After being allocated a transponder from the South Asia Satellite, Afghanistan has requested India for another one that it could use for Direct-to-Home television services, an official from the Department of Space has said.
However, unlike the South Asia Satellite or G SAT-9, which was a “gift” from India to its neighbours and one transponder was allocated to the participating SAARC countries for free, Afghanistan may have to pay for the services this time, the official said.
“They have asked for another transponder and we are looking into it. Unlike in the case of the South Asia Satellite, Afghanistan may be charged for the second transponder. However, no decision has been made in this regard,” the official said, requesting anonymity.
The second transponder may not be from the South Asia Satellite. In 2014, Afghanistan had launched its satellite AFGHANSAT-1 for wide-ranging services including DTH, broadcasting and internet services. The satellite was launched by a French company. But as demand increases, it looks to augment its supply side. A transponder is a device that receives and transmits signals. It is essential for Direct-To-Home (DTH) services.
India and Afghanistan share robust space cooperation. Last year, after a meeting between External Affairs Sushma Swaraj and her Afghan counterpart Salahuddin Rabbani, it was decided that New Delhi would extend assistance to Kabul in the area of remote sensing. During the 2014 SAARC Summit in Kathmandu, Prime Minister Narendra Modi had announced India would be launching a satellite as a gift to its South Asian Association for Regional Cooperation (SAARC) neighbours. Pakistan did not join the project, stating it was working on its own satellite, but offered monetary and technical support, which was rejected by India.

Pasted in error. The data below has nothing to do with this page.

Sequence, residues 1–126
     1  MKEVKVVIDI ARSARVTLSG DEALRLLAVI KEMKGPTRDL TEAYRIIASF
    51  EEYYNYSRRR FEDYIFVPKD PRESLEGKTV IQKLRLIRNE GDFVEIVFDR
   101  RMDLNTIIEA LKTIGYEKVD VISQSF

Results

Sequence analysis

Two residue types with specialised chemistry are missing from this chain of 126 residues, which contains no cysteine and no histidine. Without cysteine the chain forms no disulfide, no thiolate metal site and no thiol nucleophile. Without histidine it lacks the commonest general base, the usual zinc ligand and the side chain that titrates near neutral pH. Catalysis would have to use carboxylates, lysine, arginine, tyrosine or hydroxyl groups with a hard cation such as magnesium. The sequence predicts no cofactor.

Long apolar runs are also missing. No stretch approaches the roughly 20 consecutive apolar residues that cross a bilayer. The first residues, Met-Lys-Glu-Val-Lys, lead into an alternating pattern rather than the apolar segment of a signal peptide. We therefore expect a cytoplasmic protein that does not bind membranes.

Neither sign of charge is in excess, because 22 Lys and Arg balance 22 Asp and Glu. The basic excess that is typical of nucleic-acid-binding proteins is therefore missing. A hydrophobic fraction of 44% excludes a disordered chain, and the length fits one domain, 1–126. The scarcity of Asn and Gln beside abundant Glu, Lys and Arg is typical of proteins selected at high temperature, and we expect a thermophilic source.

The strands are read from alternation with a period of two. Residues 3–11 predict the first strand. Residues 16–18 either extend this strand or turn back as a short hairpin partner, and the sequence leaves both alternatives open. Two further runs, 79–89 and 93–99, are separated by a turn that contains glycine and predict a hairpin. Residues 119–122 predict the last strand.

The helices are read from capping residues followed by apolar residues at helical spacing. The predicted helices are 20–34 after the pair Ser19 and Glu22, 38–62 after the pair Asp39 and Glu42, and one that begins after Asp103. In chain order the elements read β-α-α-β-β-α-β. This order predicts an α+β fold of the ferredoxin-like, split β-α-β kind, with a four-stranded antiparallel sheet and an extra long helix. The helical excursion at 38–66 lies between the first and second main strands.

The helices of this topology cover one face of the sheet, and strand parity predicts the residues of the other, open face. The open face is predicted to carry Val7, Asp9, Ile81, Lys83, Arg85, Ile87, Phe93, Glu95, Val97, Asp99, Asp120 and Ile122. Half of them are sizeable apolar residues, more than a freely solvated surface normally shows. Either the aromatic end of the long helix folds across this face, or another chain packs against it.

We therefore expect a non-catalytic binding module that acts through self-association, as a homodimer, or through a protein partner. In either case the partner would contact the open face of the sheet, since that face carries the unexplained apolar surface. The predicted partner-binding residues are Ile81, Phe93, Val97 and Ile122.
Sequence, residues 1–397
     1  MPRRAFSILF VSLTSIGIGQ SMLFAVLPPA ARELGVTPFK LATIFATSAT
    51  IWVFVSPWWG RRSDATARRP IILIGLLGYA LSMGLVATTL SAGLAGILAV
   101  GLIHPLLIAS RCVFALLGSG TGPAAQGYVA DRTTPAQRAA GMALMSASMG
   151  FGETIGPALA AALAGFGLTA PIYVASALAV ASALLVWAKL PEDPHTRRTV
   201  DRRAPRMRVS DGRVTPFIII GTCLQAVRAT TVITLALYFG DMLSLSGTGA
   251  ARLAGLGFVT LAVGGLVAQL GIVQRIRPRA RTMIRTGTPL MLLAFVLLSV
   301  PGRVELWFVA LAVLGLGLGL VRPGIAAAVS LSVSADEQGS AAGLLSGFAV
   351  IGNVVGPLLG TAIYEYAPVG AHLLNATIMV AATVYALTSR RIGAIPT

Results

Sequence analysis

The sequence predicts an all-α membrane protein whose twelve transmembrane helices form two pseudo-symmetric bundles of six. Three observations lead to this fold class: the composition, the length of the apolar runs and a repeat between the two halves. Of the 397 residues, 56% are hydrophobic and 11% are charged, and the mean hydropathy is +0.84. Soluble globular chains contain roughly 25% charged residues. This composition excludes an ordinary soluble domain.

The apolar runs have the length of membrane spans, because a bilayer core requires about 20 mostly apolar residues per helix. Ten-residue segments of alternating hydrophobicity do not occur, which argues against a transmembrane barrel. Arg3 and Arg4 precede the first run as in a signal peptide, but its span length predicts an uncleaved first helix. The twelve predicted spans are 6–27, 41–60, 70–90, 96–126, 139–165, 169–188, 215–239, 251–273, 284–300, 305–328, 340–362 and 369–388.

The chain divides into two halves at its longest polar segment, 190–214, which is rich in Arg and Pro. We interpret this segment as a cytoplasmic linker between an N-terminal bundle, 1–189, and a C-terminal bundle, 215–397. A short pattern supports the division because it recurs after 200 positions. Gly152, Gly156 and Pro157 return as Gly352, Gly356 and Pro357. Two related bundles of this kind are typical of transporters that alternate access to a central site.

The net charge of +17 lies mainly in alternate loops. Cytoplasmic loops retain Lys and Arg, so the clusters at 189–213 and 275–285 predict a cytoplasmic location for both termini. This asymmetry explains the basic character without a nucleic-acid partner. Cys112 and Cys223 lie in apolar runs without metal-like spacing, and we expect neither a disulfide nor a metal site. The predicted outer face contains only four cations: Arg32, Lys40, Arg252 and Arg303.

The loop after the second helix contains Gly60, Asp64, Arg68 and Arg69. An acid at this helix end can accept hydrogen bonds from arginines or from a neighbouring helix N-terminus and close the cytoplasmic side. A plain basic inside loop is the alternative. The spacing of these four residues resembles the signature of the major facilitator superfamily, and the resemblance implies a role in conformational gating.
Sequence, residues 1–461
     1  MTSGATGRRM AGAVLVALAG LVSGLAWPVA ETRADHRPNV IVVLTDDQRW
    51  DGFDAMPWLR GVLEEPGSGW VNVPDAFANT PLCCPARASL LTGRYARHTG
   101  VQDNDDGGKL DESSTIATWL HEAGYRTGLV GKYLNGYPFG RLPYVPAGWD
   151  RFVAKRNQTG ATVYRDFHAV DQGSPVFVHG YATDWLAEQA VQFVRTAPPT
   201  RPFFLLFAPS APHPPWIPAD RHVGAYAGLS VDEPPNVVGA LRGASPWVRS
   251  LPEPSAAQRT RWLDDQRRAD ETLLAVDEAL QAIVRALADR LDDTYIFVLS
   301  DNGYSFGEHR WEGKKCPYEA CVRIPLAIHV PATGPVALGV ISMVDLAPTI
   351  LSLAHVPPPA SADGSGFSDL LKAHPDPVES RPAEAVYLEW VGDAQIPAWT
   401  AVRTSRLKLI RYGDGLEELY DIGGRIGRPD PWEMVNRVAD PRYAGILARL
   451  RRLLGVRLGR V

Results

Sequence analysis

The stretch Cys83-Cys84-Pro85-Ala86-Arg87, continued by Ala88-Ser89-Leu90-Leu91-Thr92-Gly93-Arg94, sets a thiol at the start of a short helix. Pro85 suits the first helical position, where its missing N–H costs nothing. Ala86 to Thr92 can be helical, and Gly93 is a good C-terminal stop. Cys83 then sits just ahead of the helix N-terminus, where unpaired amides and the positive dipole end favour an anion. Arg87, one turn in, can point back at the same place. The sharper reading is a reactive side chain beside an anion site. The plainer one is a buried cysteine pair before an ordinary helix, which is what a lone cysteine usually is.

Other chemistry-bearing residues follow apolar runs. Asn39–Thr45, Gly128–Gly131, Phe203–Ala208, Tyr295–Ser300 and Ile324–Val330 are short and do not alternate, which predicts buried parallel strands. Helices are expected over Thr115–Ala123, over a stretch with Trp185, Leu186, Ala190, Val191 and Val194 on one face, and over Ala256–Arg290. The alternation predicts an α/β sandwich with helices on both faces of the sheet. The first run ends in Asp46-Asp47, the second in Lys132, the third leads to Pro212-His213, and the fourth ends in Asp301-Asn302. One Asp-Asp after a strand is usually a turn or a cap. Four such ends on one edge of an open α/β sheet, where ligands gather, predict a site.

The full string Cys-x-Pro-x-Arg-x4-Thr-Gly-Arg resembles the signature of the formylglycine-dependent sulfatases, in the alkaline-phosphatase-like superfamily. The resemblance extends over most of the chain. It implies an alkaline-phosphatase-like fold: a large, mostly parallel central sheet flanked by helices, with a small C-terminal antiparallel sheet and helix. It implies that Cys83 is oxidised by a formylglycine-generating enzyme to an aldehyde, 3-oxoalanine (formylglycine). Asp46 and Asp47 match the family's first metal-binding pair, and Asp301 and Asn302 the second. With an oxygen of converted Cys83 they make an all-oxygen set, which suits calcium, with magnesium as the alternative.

The Indian Space Research Organisation (ISRO) launched the South Asia Satellite in 2017. The 2,230-kg communication spacecraft, with a mission life of 12 years, will support effective communication, broadcasting and internet services in a region that is geographically challenging, economically lagging and has limited technological resources. The satellite provides significant capability to each of the participating countries in terms of DTH (direct-to-home) services, besides linking the countries for disaster information transfer. The satellite has 12 Ku band transponders that the six nations—Afghanistan, Maldives, Sri Lanka, Bangladesh, Nepal and Bhutan—could utilise to enhance communications. Each South Asian country will get access to one transponder through which it will be able to beam its own programming.
As part of its commitment, India also assisted several countries to build ground stations and other infrastructure-related work to receive signals sent from transponders. In countries like Bhutan, the project is running well, the official said. The official added that the Indian Space Research Organisation (ISRO) will also do a review of how the project is progressing. – The Tribune